BACKGROUND: There is growing recognition that wellness interventions should occur in context and acknowledge complex contributors to wellbeing, including individual needs, institutional and cultural barriers to wellbeing, as well as systems issues which propagate distress. The authors conducted a multiple-methods study exploring contributors to wellbeing for junior residents in diverse medical environments who participated in a brief resilience and stress-reduction curriculum, the Stress Management and Resiliency Training Program for Residents (SMART-R). METHODS: Using a waitlist-controlled design, the curriculum was implemented for post-graduate year (PGY)-1 or PGY-2 residents in seven residency programs across three sites. Every three months, residents completed surveys, including the Perceived Stress Scale-10, General Self-Efficacy Questionnaire, a mindfulness scale (CAMSR), and a depression screen (PHQ-2). Residents also answered free-text reflection questions about psychological wellbeing and health behaviors. RESULTS: The SMART-R intervention was not significantly associated with decreased perceived stress. Linear regression modeling showed that depression was positively correlated with reported stress levels, while male sex and self-efficacy were negatively correlated with stress. Qualitative analysis elucidated differences in these groups: Residents with lower self-efficacy, those with a positive depression screen, and/or female residents were more likely to describe experiencing lack of control over work. Residents with higher self-efficacy described more positive health behaviors. Residents with a positive depression screen were more self-critical, and more likely to describe negative personal life events. CONCLUSIONS: This curriculum did not significantly modify junior residents' stress. Certain subpopulations experienced greater stress than others (female residents, those with lower self-efficacy, and those with a positive depression screen). Qualitative findings from this study highlight universal stressful experiences early in residency, as well as important differences in experience of the learning environment among subgroups. Tailored wellness interventions that aim to support diverse resident sub-groups may be higher yield than a "one size fits all" approach. TRIAL REGISTRATION: NCT02621801 , Registration date: December 4, 2015 - Retrospectively registered.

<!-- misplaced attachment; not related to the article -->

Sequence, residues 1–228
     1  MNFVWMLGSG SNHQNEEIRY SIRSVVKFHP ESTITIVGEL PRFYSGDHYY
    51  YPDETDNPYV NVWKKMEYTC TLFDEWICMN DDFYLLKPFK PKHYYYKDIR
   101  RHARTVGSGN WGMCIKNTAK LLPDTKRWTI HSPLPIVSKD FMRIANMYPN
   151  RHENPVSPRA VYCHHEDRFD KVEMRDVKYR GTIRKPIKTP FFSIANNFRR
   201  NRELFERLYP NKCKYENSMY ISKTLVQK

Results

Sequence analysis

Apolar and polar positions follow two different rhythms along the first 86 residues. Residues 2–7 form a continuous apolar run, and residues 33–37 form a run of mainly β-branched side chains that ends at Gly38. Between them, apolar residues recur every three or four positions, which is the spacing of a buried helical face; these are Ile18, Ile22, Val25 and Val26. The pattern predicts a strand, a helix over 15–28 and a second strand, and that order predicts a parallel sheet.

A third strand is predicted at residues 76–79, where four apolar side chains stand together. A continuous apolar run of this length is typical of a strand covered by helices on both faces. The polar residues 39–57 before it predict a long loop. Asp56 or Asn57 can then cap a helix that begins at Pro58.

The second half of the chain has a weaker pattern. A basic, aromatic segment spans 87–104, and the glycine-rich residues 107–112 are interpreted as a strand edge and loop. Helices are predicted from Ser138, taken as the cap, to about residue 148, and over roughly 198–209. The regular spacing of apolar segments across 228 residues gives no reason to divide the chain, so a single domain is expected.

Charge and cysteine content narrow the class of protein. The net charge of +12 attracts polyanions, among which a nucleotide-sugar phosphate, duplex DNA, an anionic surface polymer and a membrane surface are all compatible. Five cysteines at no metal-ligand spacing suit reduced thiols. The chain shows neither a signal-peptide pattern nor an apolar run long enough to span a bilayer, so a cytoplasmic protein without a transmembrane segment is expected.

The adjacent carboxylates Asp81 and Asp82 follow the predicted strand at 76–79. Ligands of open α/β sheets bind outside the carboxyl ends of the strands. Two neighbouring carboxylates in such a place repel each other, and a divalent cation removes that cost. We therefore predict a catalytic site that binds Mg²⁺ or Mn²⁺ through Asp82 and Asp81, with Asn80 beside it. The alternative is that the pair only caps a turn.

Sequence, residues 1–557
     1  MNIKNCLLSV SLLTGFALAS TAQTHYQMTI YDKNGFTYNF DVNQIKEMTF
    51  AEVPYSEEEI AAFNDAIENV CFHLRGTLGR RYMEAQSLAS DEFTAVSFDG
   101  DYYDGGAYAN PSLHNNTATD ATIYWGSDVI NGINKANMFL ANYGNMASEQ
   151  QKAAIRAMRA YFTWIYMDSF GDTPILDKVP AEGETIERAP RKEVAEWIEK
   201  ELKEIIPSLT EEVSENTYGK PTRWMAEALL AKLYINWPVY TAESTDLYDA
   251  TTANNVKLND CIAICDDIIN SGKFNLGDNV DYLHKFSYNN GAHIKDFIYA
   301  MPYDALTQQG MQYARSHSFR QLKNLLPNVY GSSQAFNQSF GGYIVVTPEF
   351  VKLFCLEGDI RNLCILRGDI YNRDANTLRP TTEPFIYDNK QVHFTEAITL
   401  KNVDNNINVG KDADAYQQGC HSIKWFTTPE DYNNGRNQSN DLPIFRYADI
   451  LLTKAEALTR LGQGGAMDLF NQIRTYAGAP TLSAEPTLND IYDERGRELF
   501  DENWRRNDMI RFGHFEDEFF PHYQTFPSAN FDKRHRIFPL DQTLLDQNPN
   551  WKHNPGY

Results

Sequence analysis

Subject(s)
Internship and Residency , Medicine , Curriculum , Education, Medical, Graduate , Female , Humans , Male , Surveys and Questionnaires
5.
Curr Opin Obstet Gynecol ; 33(4): 317-323, 2021 08 01.
Article in English | MEDLINE | ID: covidwho-1526205

ABSTRACT

PURPOSE OF REVIEW: Effects of the coronavirus disease 2019 pandemic prompted the need for rapid, flexible change in the delivery of care, education, and commitment to the well-being of obstetrics and gynecology (OB/GYN) residents. RECENT FINDINGS: Published literature shows multiple models for surge scheduling for residency programs in other specialties. We describe our experience creating a surge schedule for OB/GYN residents that allowed for sufficient coverage of inpatient care while minimizing resident exposure and limited hospital resources, respecting work hour requirements, and plans for coverage due to illness or need for home quarantine. We also report innovative approaches to trainee education through the use of remote-learning technology and gynecologic surgery skills training in absence of normal clinical exposure. SUMMARY: Our approach serves as a model for adapting to unprecedented challenges and offers suggestions for creative transformations of traditional teaching that can be continued beyond the immediate crisis.


Subject(s)
Education, Distance/organization & administration , Education, Medical, Graduate/organization & administration , Internship and Residency/organization & administration , Obstetrics and Gynecology Department, Hospital , Continuity of Patient Care , Humans , Simulation Training , Videoconferencing
6.
Ann Vasc Surg ; 76: 28-37, 2021 Oct.
Article in English | MEDLINE | ID: covidwho-1525690

ABSTRACT